The fight is full on people and we are in count down mode in three states over ballot initiatives that range from marriage equality to fair housing in Kalamazoo Michigan. Everyone is putting out the call to do what you can to contribute to these campaigns. I would like to add that what happens in these campaigns will likely effect California's rebid for gay marriage in 2010, hopefully before they modify our constitution....but that's another topic altogether.
Of all the things that we can do, the most effect thing is just simple conversation. You would think, that in this day and age, EVERYONE would know about the struggle for marriage equality...but sadly this is not true. Many people have no one to talk to about it so that leaves them at the mercy of their church or to conflicting t.v. ads.
There was a great post In Queerty yesterday about a young mans experience campaigning for marriage equality in Maine. In it, a particular incident caught my eye:
Daniel, a member of our canvassing troupe, knocked on the door of a woman who said she was going to vote "Yes." When Daniel asked why, she said, “Well, because I’m a Christian.” Daniel responded that he was too, and that he thought religion had nothing to do marriage.
After a brief conversation, the woman said she was so glad Daniel had come by, because her friends had influenced most of her opinions. She hadn’t really had the chance to talk about the issues with anyone else, she said. Daniel's two minutes with her might have just scored another "No" vote.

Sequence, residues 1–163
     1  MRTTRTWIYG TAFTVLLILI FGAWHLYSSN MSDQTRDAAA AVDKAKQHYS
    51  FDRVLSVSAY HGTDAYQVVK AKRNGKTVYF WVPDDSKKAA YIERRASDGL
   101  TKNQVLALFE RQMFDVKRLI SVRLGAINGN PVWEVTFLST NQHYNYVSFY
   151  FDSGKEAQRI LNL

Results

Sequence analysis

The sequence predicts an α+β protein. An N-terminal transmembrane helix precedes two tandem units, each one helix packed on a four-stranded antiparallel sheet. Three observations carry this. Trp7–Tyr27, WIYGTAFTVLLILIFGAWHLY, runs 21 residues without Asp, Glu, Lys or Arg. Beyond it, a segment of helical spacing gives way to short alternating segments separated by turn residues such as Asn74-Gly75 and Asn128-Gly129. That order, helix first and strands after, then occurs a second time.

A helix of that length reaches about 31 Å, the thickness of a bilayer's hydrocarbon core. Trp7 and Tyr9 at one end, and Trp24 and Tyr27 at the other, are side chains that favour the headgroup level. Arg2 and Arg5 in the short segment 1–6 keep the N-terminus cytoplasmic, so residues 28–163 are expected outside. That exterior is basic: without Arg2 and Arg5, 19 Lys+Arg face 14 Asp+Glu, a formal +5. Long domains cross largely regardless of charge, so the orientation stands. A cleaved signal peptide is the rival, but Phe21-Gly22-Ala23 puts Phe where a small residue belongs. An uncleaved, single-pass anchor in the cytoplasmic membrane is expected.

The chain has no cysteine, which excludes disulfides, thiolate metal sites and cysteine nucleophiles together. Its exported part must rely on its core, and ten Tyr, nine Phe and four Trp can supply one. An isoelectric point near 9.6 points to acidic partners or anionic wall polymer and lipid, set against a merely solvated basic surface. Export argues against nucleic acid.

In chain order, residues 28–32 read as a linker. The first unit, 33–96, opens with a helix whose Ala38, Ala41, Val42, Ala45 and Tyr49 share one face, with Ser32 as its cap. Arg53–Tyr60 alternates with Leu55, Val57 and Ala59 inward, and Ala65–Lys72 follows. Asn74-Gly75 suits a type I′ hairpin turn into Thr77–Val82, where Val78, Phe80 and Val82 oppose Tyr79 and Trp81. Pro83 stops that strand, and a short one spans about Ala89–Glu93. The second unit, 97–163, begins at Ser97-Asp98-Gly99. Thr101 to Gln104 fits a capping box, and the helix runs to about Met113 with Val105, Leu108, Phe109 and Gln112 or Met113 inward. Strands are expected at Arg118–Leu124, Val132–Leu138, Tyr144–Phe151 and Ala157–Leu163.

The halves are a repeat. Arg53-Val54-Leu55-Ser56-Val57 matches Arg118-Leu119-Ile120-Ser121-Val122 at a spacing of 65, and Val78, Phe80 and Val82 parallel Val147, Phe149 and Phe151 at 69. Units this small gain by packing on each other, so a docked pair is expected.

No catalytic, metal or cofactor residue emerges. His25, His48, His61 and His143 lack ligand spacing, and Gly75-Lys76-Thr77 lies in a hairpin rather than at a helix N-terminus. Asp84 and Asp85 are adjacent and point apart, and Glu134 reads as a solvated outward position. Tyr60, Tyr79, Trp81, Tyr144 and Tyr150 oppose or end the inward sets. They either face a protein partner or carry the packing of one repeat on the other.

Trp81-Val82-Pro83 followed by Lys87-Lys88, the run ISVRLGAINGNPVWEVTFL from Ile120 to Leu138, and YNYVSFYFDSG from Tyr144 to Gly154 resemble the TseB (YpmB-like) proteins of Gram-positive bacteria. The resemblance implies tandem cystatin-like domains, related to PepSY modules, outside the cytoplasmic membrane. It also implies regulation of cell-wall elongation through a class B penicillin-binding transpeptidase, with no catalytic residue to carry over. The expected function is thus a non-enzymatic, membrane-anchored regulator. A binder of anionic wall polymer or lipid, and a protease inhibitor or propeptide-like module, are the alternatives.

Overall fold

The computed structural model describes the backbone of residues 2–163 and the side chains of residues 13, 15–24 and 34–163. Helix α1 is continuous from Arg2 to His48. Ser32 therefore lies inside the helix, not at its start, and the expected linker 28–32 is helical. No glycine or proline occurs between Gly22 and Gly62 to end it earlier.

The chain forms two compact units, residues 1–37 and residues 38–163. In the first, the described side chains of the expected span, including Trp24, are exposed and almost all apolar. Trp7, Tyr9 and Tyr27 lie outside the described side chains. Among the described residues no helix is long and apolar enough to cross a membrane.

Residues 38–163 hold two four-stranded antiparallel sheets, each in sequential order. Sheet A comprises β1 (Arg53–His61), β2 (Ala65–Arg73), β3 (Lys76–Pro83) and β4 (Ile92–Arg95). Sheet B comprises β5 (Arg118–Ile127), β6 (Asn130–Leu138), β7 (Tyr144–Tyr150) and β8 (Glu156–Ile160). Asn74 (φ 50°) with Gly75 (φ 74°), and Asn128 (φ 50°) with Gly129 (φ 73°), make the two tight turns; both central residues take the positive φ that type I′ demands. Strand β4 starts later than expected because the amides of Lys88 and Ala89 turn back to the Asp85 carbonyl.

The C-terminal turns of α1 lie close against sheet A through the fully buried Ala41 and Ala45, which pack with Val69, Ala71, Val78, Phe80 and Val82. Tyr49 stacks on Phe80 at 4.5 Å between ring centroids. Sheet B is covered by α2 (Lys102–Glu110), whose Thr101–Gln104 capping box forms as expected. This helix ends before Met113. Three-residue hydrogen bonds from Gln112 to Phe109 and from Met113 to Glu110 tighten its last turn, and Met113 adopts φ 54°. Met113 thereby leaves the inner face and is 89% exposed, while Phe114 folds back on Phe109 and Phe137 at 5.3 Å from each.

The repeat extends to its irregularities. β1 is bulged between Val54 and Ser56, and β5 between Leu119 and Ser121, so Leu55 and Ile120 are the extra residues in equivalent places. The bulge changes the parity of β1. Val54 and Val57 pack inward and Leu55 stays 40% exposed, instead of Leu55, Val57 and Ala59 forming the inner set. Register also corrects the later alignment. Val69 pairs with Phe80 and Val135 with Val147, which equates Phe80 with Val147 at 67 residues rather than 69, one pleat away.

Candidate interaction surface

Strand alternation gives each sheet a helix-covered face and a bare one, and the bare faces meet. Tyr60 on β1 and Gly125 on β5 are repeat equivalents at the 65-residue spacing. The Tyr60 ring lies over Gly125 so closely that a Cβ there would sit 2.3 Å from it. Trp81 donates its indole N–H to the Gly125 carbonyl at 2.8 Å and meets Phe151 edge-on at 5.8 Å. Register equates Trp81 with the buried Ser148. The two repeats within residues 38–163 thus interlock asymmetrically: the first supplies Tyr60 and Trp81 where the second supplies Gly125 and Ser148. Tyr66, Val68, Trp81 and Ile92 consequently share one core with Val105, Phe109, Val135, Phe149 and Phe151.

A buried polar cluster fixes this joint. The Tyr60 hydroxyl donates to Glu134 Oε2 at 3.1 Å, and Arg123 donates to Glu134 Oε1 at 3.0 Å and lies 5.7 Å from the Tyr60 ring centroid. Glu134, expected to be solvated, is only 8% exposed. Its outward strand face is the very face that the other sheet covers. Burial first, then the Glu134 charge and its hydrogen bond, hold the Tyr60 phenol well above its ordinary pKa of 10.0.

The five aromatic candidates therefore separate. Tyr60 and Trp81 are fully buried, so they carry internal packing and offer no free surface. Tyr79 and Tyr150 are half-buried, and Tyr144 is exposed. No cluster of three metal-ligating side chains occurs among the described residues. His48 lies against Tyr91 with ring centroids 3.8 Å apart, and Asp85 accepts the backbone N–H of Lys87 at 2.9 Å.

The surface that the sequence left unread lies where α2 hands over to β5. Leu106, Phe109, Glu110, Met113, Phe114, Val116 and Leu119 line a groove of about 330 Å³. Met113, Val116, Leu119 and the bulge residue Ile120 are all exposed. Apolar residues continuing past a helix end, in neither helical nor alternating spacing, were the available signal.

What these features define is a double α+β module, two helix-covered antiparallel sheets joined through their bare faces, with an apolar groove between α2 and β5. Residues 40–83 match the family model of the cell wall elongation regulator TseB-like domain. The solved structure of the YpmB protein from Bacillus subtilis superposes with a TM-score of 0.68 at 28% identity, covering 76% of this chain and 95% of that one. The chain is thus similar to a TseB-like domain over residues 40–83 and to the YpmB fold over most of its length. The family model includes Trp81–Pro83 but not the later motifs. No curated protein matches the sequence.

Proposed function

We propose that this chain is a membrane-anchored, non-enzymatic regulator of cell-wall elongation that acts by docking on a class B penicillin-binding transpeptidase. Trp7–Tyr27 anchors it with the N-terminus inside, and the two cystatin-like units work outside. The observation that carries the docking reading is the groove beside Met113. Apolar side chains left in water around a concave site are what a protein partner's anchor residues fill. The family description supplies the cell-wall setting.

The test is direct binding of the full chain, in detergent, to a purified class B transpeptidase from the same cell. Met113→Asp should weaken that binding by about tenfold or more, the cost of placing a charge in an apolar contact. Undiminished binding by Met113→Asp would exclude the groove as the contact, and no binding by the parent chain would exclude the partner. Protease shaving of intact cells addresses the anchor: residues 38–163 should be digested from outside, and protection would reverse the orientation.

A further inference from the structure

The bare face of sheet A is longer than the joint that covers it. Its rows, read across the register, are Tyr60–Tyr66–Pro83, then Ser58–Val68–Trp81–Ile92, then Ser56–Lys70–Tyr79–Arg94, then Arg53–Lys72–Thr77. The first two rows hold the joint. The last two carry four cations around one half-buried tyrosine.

seriously...that was all it took. And in this campaign particularly, when both sides are poling so evenly tied, that one person could mean the difference between victory and defeat.
Alot of traditional forms of getting our message heard meet internal resistance by many of us. Going door to door is scary for alot of people and phone banking conjures up images of telemarketers. Standing on a corner and waving a sign means putting your self on the line in a REALLY personal way and is just too unsafe for some. BUT all these things are necessary and needed. If we don't do these things..no one does it for us.
All of these actions carry out this most basic need to talk to the people who will be voting on our rights, many of whom have no one in their life who can give them a a different perspective than what they see on t.v. They need to know us beyond "Will and Grace'...beyond "Glee" or "Madmen"... or the "700 club". Don't let someone else tell our story...we need to tell it.
I HATE putting myself out there publicly...so I fully sympathise with those who let out a big sigh with considering it. However, the main point I make here isn't that we all need to get over our fear and march to the nearest street corner....just TALK to people. You may be their only window into our lives. Whether its coming out to family and friends or just broaching the conversation in the break room at lunch for general discussion. Not every conversation need take place as a part of a political function. We need to take away the fear that we are a shadowy cabal bent on destroying the country...we need to show that we are regular people with lives just like theirs . This often happens more effectively through an informal, intimate conversation between two human beings than it does because of a march.
This is crunch time for Mainers, Washingtonians, and Michiganites...but also for the rest of too. What happens in these states will reverberate out to similar struggles to come in states like mine. Soon we will have to be out on those street corners again hoping that the citizens of California will have learned a lesson from Prop 8. There will be signs, marches, rallies, and phone banks galore. The sense of deja vu will be staggering but we can't get tired and we can't give up. Not only for ourselves but for, a those who will come after us and for countless other families also in need of the protections marriage offers.